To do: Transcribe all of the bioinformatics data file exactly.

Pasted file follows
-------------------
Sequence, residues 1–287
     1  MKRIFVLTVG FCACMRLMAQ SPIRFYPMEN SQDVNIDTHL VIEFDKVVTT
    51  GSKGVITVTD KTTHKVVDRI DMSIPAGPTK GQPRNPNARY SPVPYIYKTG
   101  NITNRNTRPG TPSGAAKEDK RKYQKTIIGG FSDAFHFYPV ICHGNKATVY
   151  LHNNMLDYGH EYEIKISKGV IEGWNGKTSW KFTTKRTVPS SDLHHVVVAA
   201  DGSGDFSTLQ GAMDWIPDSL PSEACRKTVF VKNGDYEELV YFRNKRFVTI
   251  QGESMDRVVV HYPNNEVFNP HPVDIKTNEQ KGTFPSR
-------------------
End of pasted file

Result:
Sequence, residues 1–287
     1  MKRIFVLTVG FCACMRLMAQ SPIRFYPMEN SQDVNIDTHL VIEFDKVVTT
    51  GSKGVITVTD KTTHKVVDRI DMSIPAGPTK GQPRNPNARY SPVPYIYKTG
   101  NITNRNTRPG TPSGAAKEDK RKYQKTIIGG FSDAFHFYPV ICHGNKATVY
   151  LHNNMLDYGH EYEIKISKGV IEGWNGKTSW KFTTKRTVPS SDLHHVVVAA
   201  DGSGDFSTLQ GAMDWIPDSL PSEACRKTVF VKNGDYEELV YFRNKRFVTI
   251  QGESMDRVVV HYPNNEVFNP HPVDIKTNEQ KGTFPSR